Tony Abbott keen to contribute ‘expertise’ to UK trade role

Tony Abbott Image copyright Reuters Image caption Tony Abbott said he was “proud” to be helping the UK make the most of its “post-Brexit opportunities”

Tony Abbott has said he is looking forward to contributing his “expertise” in global commerce to his new role as a trade adviser to the UK government.

The former Australian PM was appointed to the unpaid role on Friday, despite criticism over his past comments on women, LGBT people and climate change.

Mr Abbott, who led Australia from 2013-15, posted on Twitter that he was “only too keen” to help the UK.

But Labour said he should have been disqualified from the role.

Mr Abbott will advise the new Board of Trade, set up to help ministers and encourage firms to do more business internationally, but will not be involved in post-Brexit talks between the UK and other countries.

His appointment has drawn criticism from opposition parties and equality activists, including Sir Ian McKellen and Doctor Who writer Russell T Davies, who said his past comments meant he was not “fit” for the role.

The former Australian PM opposed same-sex marriage in Australia’s 2017 referendum and has been accused of making homophobic and misogynistic comments in the past.

He has also described the idea of climate change as “faddish”, and last year claimed the world was “in the grip of a climate cult”.

Prime Minister Boris Johnson said he did “not agree with those sentiments”, but rejected suggestions he was unsuitable for the role.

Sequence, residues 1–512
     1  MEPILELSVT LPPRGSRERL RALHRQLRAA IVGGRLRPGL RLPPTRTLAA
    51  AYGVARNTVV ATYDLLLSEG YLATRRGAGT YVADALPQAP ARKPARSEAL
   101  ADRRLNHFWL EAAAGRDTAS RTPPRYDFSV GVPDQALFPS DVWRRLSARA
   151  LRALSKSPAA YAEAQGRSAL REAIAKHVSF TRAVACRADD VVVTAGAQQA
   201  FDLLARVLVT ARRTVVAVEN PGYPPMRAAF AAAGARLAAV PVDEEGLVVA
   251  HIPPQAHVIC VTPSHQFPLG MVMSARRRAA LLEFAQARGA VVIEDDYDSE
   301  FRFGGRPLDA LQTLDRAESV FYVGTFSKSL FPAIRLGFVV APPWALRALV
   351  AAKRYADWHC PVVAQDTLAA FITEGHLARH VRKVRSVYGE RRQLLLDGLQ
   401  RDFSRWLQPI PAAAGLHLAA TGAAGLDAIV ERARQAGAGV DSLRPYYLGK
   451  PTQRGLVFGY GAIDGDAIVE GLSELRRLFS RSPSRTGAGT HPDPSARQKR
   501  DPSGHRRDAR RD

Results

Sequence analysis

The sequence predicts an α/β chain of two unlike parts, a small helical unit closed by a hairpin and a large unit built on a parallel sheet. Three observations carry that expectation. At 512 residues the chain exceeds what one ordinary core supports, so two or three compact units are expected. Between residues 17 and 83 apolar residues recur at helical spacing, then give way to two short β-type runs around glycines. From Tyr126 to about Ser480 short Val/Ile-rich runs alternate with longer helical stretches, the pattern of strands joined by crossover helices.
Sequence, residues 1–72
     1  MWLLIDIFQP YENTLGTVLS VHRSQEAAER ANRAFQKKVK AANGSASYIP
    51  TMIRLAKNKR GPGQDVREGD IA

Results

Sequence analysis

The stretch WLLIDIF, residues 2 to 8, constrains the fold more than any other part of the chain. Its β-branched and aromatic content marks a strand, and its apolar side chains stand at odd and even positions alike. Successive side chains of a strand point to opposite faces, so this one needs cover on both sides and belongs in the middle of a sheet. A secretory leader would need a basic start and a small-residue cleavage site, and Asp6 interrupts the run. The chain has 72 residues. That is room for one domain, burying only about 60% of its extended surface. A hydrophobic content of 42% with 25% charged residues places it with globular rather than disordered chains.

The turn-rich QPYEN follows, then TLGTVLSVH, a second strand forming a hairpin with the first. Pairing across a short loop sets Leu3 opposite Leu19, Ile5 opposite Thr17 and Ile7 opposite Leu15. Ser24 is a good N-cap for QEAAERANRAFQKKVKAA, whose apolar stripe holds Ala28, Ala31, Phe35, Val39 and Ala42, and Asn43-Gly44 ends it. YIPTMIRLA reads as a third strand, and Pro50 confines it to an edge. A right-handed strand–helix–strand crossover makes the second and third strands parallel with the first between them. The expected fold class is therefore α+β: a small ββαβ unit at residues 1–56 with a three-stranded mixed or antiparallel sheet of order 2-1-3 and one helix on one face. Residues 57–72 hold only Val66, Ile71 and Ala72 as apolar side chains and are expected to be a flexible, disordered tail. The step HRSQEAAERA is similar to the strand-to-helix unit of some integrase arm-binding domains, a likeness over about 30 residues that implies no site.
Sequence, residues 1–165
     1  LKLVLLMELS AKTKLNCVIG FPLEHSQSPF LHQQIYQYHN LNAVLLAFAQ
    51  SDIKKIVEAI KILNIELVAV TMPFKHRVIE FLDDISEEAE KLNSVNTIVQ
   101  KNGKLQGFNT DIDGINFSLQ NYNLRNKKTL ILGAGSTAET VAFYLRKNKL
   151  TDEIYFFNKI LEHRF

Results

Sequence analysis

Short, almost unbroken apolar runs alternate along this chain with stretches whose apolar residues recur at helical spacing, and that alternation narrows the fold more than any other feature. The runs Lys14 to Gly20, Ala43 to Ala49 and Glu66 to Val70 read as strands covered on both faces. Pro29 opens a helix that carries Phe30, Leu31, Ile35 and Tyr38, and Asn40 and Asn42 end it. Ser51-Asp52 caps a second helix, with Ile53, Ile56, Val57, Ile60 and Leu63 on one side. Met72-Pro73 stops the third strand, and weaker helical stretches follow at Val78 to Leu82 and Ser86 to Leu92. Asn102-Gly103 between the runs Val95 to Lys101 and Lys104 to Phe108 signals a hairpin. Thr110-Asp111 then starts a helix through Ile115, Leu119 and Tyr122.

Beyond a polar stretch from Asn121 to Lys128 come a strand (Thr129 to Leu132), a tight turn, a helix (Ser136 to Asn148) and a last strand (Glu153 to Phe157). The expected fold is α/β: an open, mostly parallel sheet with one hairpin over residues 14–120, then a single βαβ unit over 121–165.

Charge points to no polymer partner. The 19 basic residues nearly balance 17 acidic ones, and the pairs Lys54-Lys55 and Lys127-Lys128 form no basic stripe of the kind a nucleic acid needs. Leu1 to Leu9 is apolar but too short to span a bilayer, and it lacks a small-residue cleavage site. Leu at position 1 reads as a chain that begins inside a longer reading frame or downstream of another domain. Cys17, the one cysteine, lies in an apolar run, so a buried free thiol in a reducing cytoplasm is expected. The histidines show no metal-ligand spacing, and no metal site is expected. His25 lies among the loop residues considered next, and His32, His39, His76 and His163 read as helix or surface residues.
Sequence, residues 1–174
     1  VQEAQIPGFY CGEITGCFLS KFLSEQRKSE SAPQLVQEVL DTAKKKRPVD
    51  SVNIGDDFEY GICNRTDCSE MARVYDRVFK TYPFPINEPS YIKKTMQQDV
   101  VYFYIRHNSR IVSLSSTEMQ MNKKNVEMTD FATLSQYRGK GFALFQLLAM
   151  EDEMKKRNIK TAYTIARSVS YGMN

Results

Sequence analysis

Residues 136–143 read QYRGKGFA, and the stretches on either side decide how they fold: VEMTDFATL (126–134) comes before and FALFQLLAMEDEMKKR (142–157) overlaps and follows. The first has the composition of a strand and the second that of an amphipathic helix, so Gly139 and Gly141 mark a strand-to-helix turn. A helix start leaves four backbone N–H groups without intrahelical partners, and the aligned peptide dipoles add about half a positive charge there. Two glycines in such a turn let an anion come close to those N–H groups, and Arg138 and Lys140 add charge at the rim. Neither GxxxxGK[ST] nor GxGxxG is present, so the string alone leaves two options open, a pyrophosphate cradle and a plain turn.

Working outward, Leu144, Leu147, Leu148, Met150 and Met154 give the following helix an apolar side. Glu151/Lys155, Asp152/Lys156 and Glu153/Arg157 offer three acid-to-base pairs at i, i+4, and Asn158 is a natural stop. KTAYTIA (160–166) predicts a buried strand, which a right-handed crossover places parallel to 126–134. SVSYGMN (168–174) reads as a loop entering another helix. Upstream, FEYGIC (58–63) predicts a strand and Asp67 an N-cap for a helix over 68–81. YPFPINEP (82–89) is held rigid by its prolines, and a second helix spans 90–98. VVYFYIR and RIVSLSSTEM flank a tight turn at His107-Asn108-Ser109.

In a statement on Twitter, Mr Abbott said: “A UK-Australia trade deal, maximising the movement of goods, services and people is clearly in the best interests of both our countries.

“It’s important for the wider world that Britain make the most of its post-Brexit opportunities and I am proud to be playing a part.

“My government finalised trade deals between Australia and China, Japan and Korea. I’m looking forward to bringing that expertise to bear as Britain works towards mutually-beneficial improvements with its major trading partners.”

‘History of offensive statements’

But Labour shadow trade secretary Emily Thornberry told Radio 4’s Today programme Mr Abbott should have been disqualified from the role.

She said: “First is his history of offensive statements towards women, LGBT people, minority groups – the list is so long and so despicable that I think it speaks to his character and his values, and I don’t think that’s a character we should have representing Britain around the world.

“But secondly,

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